Scilla everywhere, strutting their stuff on Uschi's camera and mine. Scilla in her cemetery; Scilla in mine. I swear, that was one happy Scilla flower, just wanting to be discovered and shared!


Photo courtesy of Uschi, our landlady.

20 comments:

  1. Is Bogger having publishing problems??? The duplicate post below is NOT on my editing site, so how can it be "here?"

    Anyway, don't even go there. This is the correct post :(

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  2. Hi Ginnie! Yes, blogger is having commenting and publishing problems today, I think.

    Aren't those flowers just beautiful! I believe they had some sort of festival dedicated to them a few weeks ago.

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  3. yes problems since 9pm last night pacific time (plus 9 hours). It's still having trouble...

    And I love the flowers! Especially in the grass, they are so joyful and lovel... And there is sun!! Yeah.. :)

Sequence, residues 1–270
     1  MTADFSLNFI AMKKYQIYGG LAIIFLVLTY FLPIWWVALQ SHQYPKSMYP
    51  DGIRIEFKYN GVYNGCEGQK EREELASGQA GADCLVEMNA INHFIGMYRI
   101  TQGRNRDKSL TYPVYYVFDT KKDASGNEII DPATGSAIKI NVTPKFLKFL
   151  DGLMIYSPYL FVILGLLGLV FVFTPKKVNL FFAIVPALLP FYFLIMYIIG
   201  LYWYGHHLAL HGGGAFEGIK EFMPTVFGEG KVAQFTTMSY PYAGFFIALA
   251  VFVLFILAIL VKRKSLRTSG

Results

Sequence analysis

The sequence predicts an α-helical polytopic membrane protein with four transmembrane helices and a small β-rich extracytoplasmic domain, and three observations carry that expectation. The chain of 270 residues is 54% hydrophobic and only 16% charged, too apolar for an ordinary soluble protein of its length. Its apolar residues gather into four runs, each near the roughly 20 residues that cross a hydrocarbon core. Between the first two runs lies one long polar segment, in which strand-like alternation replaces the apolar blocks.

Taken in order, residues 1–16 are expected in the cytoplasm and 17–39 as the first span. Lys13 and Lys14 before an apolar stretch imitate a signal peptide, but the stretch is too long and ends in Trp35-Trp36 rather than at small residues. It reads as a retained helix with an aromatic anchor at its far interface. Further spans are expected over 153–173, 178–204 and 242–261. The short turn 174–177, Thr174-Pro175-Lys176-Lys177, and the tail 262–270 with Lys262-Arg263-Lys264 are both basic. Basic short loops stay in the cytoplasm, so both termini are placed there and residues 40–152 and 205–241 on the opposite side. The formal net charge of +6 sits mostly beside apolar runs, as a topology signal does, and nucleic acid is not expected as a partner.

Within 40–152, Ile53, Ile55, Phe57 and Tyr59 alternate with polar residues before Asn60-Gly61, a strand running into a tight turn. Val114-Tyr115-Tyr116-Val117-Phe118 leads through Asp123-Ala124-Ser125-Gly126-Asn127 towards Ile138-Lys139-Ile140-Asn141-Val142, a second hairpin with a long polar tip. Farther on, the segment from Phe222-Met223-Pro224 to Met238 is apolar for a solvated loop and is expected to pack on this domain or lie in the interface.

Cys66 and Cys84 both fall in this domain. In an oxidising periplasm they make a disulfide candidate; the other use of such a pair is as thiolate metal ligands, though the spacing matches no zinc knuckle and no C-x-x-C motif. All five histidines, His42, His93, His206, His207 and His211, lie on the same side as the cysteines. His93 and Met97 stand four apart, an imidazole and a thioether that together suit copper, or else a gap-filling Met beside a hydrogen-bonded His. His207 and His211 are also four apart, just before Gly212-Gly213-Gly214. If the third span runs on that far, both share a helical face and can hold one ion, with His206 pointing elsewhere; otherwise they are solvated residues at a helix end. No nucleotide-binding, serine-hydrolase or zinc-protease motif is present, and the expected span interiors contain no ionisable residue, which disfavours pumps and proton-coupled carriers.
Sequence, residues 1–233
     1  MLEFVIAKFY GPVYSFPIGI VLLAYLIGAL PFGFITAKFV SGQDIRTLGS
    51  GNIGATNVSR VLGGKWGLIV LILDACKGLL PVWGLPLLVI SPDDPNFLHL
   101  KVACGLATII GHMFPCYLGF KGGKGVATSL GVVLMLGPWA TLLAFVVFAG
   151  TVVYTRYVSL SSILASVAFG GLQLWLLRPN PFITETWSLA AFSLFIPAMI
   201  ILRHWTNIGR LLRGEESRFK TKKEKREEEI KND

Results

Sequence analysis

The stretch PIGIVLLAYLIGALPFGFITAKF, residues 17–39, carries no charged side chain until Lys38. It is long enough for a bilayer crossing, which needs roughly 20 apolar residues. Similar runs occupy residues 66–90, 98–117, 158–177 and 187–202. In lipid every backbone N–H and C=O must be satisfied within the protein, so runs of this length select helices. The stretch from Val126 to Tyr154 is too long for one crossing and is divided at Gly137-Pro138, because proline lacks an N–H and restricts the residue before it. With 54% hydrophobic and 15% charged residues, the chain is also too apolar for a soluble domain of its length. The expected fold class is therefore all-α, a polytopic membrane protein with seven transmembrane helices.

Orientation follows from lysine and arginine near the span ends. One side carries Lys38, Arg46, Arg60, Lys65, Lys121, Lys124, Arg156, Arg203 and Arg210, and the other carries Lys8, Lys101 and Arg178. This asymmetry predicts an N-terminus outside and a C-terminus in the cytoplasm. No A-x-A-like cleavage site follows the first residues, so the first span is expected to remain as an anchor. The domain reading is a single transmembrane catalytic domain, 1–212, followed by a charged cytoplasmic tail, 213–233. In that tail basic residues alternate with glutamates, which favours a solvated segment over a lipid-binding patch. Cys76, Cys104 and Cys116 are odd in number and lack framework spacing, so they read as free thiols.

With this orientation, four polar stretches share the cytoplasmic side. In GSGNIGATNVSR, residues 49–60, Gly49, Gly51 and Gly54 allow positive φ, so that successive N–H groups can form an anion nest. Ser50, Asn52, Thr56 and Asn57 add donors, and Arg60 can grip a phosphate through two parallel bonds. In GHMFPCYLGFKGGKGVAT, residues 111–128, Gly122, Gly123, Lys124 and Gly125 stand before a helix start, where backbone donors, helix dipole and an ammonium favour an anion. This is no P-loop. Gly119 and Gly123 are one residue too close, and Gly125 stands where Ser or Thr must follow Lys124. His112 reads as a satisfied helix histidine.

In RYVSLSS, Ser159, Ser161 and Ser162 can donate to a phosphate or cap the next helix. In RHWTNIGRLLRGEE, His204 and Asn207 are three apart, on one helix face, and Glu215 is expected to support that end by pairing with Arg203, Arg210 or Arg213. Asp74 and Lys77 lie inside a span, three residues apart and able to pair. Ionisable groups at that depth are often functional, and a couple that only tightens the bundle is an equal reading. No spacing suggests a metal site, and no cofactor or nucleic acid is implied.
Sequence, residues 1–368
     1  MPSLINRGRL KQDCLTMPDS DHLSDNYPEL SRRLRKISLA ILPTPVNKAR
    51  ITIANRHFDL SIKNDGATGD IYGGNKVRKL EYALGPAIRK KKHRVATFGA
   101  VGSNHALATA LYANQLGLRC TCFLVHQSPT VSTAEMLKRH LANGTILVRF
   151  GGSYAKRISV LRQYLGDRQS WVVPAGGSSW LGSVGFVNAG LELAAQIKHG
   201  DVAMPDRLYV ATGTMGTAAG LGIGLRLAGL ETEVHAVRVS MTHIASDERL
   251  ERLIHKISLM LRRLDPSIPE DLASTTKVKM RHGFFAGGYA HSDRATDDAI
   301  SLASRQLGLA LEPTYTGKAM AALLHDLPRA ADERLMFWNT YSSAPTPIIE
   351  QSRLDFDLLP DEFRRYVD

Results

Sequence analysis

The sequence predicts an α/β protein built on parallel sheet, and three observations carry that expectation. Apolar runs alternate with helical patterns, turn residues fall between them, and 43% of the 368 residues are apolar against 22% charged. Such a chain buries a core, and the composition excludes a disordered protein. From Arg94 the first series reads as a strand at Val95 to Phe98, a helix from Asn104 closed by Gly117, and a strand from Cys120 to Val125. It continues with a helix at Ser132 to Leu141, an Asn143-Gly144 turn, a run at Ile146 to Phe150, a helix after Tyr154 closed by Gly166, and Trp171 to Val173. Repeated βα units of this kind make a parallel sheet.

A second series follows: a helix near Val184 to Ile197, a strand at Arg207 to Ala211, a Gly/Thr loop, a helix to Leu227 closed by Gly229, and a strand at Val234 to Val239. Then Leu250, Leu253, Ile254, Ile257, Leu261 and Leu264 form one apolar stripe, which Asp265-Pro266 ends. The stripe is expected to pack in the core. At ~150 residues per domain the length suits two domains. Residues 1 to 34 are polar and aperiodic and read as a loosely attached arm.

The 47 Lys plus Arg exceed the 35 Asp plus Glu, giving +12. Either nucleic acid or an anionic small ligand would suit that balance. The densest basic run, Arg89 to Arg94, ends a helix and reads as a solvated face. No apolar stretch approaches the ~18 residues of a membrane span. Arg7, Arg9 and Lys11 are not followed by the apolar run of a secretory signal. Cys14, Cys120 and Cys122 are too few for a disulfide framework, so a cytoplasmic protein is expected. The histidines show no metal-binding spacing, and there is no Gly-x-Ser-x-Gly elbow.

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  4. What wonderful synchronicity! I love this story. I love scilla too. Hope blogger stops acting up!

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  5. At Oakwood Cemetary in Grand Ledge, MI, there are many such weathered old stones in the 'Old Section.' When I was negotiating Mom and Dad's stone with Bill Atkin, he informed me that a lot of old stones were marble and marble does not withstand the elements. That is why they recommend granite. If you serve in the military you can order a stone free of charge, but it will be the standard white marble stone of which we are all familar. For you to assume the stones you found were for WWI soldiers made sense to me...I would have thought so too! Interesting story, Boots, and the scilla is very nice. By the way, how old is your landlady Uschi? She sounds like a very nice woman.